Understanding Borderline Personality Disorder
What is borderline personality disorder?
Borderline personality disorder is a mental health condition that causes people to suffer from extreme mood swings, causing them to have great difficulty in controlling their emotions. This can lead to self-destructive behaviours, impulse control and difficulty maintaining relationships. People who suffer from this disorder have a fear of abandonment, struggle with anger and self-image issues and are very sensitive.
Borderline personality disorder is a class or category B disorder, which is defined as an erratic or dramatic disorder, people with this disorder often don’t realise they have it, even though it is a long-term condition. It affects how they think about themselves and other people. Whilst it is similar to bipolar disorder which also involves mood fluctuations it differs in that bipolar is less reactive and moods are more sustained and unlike bipolar, borderline personality disorder does not change activity and energy levels. Generally the condition starts in the early teens but is not diagnosed until the age of 18 or over.
Left untreated it can lead to an increased likelihood of developing depression, self-harming, suicide or addictions to drugs or alcohol.
Whilst there is no known cause for the development of borderline personality disorder, it is believed that a combination of factors rather than a single reason are the cause, this can include:
· Traumatic experiences in childhood which can involve neglect and sexual or physical abuse
· Genetics including differences in brain function and activity as well as serotonin production
· A history of family members who have suffered with bipolar
· A history of drug or alcohol abuse in family members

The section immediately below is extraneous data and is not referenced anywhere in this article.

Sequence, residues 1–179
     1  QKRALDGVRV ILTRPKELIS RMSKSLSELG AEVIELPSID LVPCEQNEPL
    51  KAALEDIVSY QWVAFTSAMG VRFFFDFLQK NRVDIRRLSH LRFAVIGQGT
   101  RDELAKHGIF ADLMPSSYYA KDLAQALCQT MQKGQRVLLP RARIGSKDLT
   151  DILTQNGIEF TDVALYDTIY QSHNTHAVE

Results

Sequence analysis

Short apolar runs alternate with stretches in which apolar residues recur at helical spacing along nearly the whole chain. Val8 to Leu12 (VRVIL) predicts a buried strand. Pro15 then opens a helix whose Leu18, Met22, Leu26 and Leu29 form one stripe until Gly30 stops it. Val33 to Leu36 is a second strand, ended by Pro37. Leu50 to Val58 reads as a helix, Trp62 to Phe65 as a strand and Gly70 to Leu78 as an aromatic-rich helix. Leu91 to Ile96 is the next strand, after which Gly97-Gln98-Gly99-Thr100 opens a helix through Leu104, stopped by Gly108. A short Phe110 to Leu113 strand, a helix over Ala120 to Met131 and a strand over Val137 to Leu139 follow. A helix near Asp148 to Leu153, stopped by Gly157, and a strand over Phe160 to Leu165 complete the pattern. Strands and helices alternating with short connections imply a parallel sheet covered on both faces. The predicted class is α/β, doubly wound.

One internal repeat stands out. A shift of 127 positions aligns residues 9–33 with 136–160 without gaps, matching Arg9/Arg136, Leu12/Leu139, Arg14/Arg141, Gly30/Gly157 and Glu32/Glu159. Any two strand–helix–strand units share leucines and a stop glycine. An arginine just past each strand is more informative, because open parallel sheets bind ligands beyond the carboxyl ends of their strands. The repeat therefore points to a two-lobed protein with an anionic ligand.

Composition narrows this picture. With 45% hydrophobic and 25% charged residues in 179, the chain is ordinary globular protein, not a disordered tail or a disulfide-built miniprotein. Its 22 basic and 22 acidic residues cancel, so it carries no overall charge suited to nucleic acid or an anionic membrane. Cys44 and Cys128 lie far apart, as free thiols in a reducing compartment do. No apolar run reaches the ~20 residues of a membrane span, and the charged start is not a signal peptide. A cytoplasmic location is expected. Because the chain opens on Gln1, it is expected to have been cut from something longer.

People with this disorder will suffer from a range of negative and often intense emotions such as:
· Panic or fear
· Loneliness or emptiness
· Feelings of hatred or love
Their fear of abandonment and inability to deal with their emotions can cause them to:
· Act impulsively which can include self-harming or attempting suicide
· Engaging in reckless or dangerous behaviour like gambling, drug misuse, excessive drinking, binge eating, having unsafe sex
· Leaving jobs or ending relationships without thinking it through as a reaction to trying to deal with their emotional state
· Difficulties maintaining relationships either from constantly texting or calling them, being clingy or doubting their feelings and fearing they will leave or pushing them away as they fear rejection
· Being angry and aggressive or excessively sarcastic and bitter, then feeling guilty or ashamed afterwards
· Having mood swings that can last for hours changing rapidly and frequently as they experience changes in how they think about themselves and others
If you are self-harming, feeling suicidal or suffering from feelings of paranoia you should see your doctor immediately, they will be able to prescribe you medication to help with this and any anxiety or depression you may have. They should then refer you to see either a psychiatrist or psychologist to help diagnose and treat your disorder. Therapies such as psychotherapy, CBT (cognitive behavioural therapy), DBT (dialectical behaviour therapy) and MBT (mentalised-based therapy) have all proved beneficial. Written by Jan, Jeana and Wendy at Barnsley Hypnosis and Counselling (UK). For more free information click above link.